The study, led by UBC researchers Tim Green and Judy McLean, will examine how farmers can combine aquaculture and home gardens to produce more affordable and nutritious food and gain the tools they need to improve agricultural practices and nutrition.
This $2.9M project is one of six new projects funded under CIFSRF. A five-year, $62 million initiative, CIFSRF is funded by Canada’s International Development Research Centre (IDRC) and the Canadian International Development Agency (CIDA) and brings Canadian and developing-country researchers together to improve food security in the developing world.
“Homestead food production has long been promoted as a means to improve nutrition, food security, and livelihoods of poor rural farmers, although a better evidence base is needed,” says Green, who leads the Cambodian study with co-investigator McLean, both from UBC’s Faculty of Land and Food Systems. “Our project in rural Cambodia will be the first to rigorously evaluate the actual impact of women-centered homestead food production models, which will include fish ponds.”
Cambodia produces enough rice to feed its population but maternal and child under-nutrition remains high due to a lack of crop diversity and shortage of nutrient-rich food.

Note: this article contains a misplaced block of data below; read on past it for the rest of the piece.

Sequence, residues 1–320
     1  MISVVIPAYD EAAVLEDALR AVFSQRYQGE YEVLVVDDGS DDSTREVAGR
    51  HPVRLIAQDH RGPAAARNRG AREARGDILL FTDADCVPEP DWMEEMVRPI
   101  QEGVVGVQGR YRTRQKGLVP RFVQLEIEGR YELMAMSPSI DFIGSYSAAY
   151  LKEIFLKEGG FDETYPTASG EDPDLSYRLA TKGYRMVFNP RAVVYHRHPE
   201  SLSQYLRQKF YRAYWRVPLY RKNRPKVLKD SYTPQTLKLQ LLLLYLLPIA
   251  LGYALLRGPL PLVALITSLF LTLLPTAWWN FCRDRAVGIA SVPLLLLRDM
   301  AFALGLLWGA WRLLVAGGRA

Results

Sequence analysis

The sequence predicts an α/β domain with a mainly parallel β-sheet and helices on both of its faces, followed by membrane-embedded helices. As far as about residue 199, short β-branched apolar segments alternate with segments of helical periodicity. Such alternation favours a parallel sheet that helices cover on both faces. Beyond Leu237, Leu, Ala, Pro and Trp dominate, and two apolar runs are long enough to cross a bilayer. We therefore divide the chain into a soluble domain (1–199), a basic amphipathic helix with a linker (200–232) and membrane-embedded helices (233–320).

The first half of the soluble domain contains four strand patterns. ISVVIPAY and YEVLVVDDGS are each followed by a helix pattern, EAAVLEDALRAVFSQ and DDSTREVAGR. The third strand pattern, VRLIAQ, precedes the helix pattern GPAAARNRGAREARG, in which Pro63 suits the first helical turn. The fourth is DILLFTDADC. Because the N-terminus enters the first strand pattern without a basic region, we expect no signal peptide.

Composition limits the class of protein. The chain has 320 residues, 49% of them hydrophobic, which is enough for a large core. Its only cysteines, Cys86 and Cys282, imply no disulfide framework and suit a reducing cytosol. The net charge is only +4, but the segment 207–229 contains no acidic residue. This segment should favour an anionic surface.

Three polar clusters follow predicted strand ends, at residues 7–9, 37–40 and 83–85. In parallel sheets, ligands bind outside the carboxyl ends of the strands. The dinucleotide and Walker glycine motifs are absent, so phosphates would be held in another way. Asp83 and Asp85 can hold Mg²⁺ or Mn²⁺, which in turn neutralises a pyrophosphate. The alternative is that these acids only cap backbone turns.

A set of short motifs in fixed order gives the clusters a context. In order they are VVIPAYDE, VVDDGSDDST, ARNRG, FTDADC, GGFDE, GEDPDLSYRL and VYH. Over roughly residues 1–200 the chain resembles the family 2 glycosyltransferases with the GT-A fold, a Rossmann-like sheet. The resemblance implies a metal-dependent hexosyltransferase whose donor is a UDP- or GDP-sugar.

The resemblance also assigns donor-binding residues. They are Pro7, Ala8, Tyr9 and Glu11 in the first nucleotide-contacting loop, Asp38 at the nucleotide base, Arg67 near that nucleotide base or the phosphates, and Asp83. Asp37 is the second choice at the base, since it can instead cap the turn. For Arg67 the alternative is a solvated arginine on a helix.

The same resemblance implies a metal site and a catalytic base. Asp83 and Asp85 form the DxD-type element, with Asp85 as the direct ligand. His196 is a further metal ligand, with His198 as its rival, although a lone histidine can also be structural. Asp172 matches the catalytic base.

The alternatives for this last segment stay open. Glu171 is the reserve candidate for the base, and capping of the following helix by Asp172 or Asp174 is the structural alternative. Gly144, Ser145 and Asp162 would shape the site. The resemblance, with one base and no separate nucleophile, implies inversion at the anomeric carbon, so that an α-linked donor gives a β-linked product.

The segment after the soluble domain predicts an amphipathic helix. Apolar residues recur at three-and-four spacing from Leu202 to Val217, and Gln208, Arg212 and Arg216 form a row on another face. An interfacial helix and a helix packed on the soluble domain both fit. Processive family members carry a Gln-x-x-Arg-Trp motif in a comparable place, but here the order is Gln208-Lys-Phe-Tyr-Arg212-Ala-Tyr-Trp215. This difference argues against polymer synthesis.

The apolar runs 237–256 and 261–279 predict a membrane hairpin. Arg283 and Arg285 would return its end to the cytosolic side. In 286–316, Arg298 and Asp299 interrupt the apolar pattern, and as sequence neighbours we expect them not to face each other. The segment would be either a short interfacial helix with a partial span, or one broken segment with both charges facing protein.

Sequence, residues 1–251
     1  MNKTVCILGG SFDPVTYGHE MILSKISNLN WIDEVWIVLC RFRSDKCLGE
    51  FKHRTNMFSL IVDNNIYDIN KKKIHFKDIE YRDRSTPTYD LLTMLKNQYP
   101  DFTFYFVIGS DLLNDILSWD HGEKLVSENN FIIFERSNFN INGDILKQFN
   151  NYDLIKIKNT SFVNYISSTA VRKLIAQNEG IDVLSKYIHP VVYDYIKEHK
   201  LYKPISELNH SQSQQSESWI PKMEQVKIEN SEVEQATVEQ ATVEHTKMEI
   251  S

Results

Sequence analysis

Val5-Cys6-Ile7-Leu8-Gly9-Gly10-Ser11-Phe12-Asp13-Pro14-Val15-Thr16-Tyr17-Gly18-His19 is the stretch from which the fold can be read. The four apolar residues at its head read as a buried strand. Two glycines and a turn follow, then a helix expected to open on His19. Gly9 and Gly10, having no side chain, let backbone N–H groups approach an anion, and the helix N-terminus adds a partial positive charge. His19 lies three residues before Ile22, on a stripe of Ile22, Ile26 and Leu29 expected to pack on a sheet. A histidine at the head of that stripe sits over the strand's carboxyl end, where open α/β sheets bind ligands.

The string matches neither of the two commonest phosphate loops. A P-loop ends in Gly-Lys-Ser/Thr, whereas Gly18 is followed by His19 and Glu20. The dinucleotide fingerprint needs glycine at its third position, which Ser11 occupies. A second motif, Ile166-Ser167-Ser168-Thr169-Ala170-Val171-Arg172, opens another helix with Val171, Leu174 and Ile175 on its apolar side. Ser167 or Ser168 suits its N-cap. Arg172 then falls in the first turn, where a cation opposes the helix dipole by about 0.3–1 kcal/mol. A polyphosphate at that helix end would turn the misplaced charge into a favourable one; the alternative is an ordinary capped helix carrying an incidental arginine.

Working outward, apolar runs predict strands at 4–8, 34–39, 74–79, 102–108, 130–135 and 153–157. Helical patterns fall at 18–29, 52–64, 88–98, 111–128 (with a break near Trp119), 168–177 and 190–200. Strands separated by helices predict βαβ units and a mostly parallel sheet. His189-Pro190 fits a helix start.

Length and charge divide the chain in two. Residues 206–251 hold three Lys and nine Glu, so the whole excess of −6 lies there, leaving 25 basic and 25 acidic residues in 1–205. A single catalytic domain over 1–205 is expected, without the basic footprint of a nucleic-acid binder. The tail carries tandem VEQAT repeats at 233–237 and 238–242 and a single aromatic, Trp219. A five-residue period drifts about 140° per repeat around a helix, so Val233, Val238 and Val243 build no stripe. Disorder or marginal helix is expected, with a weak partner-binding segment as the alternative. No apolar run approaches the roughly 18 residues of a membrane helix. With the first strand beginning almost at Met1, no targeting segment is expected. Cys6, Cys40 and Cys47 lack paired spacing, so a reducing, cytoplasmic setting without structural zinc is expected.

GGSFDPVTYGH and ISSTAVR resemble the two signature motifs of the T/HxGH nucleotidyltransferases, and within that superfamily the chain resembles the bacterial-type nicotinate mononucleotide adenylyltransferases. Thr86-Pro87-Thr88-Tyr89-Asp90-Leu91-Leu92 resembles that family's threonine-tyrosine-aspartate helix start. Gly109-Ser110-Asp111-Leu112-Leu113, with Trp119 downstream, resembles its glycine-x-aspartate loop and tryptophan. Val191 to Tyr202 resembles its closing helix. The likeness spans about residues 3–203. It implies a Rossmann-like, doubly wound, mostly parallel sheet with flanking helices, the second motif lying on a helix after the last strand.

In this project, 600 households, largely headed by women farmers, will raise small nutritious fish for their families in the same ponds as large fish, which will be sold for income. Combined with vegetable and fruit production, the project is expected to help reduce anemia and under-nutrition in a country where one-third of childhood deaths are directly related to under-nutrition and poor feeding practices. It should also increase household food security and incomes.
“We expect that the results of this project can be effectively scaled up and adopted for broader use throughout Asia,” says IDRC President David Malone. “This is very much in keeping with IDRC’s commitment to research that supports development through the practical application of science.”
Today’s funding announcement brings to 19 the number of projects supported under CIFSRF, which includes researchers from 11 Canadian universities and 26 developing-country organizations. It also represents the third and final round of funding announcements in the first phase of CIFSRF, a key component of the Government of Canada’s Food Security Strategy, announced by the Prime Minister at the 2009 G-8 Meeting in L’Aquila, Italy.
International Development Research Centre (IDRC): A key part of Canada’s aid program, the International Development Research Centre (IDRC) supports research in developing countries to promote growth and development. IDRC also encourages sharing this knowledge with policymakers, other researchers, and communities around the world. The result is innovative, lasting local solutions that aim to bring choice and change to those who need it most.
Canadian International Development Agency (CIDA): The Canadian International Development Agency (CIDA) is Canada’s lead agency for development assistance. CIDA’s aim is to manage Canada’s support and resources effectively and accountably to achieve meaningful, sustainable results. It also engages in policy development in Canada and internationally, enabling Canada’s effort to realize its development objectives.